Protecting your own name as a trade mark

By Sharon Givoni*

At the February 2013 seminar for Creative Women’s Circle, I had the opportunity to talk about the importance of trade marking.

It’s a live issue, and I was interviewed late last year on the current affairs show Today Tonight to comment on the story of two creative business mums, Samantha Haydon and Shelley Tilbrooke, who created an online business called Zara+Lily (named after their own daughters).

They sold children’s clothes, toys, linen, bags, jewellery and the like.

Samantha Haydon and Shelley Tilbrooke has apparently contacted Today Tonight after receiving a “cease and desist” letter from clothing giant ZARA asking them to stop using the name Zara+Lily as a brand.

They did not want to fight it, so changed their business name to “Peach +Pear Kids”.

The question I discussed in my talk at the Creative Women’s Circle was: Can these women use the names Zara and Lily as a business name, given that they are the names of their own daughters?

What about using your own name as a business name? Many creative brands incorporate artist’s names.

The key message

If it is important to you, get it registered as a trade mark.

Otherwise, even if it is your very own name, you can be stopped from using it in some circumstances. Trade mark registration also gives you amazingly broad rights.

While I cannot comment on the specific facts of the Zara and Lily case, what I can say is, sometimes you can be stopped from using your own name if by chance, it happens to be too similar to a famous name that has a reputation or is registered as a trade mark.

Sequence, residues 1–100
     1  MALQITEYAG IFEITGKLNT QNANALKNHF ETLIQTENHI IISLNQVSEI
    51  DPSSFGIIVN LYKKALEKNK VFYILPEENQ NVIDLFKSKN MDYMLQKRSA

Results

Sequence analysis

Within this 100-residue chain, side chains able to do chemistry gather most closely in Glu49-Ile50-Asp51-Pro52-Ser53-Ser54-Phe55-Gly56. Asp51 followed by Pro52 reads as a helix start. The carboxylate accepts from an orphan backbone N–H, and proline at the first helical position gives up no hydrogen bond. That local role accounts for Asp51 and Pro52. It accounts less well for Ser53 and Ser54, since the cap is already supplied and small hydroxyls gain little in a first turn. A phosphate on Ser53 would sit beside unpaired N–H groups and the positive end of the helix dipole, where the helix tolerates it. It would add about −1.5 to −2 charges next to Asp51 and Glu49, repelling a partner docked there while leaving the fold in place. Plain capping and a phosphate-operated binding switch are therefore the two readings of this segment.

For example, the fact that your real name may actually be Elle will not mean that you can start a new lingerie label under that name. Or, if a woman named Sue Smith were to start her own Smith’s Potato Chip Company, she could legitimately be sued by the owner of the registered trade mark for the word “SMITH’S” for potato chips in Australia.

About the law

The reason for this is that the law recognises that a lot of hard work is put into building up goodwill and reputation in a brand name. Therefore, if someone else uses something similar, they could be wrongly impinging on this.

The existence of two similar brand names for the same goods or services can also lead to confusion and that is not good for anyone, especially in the creative industry where works are associated with the artists. Think MATTT for bags, think POLLI and Ayala Bar for jewellery, and Cristina Re for stationery. These are trade marks that I have registered for clients.

Photo by Simon Watts

Photo by Simon Watts

Can you use your own name if someone else “got there first”?

Despite the above, there are situations where you can trade mark your own name and use it in your branding strategy.

In a well-publicised case back in 2009, the luxury jewellery chain Tiffany & Co was unsuccessful when in trying to prevent New York based fashion designer Tiffany Koury from registering her own name as a trade mark for clothing. It was considered that the different products, jewellery and clothing, were different enough. Furthermore, the words “TIFFANY” and “TIFFANY KOURY” look and sound very different. The words “TIFFANY KOURY” may be registered as a business name.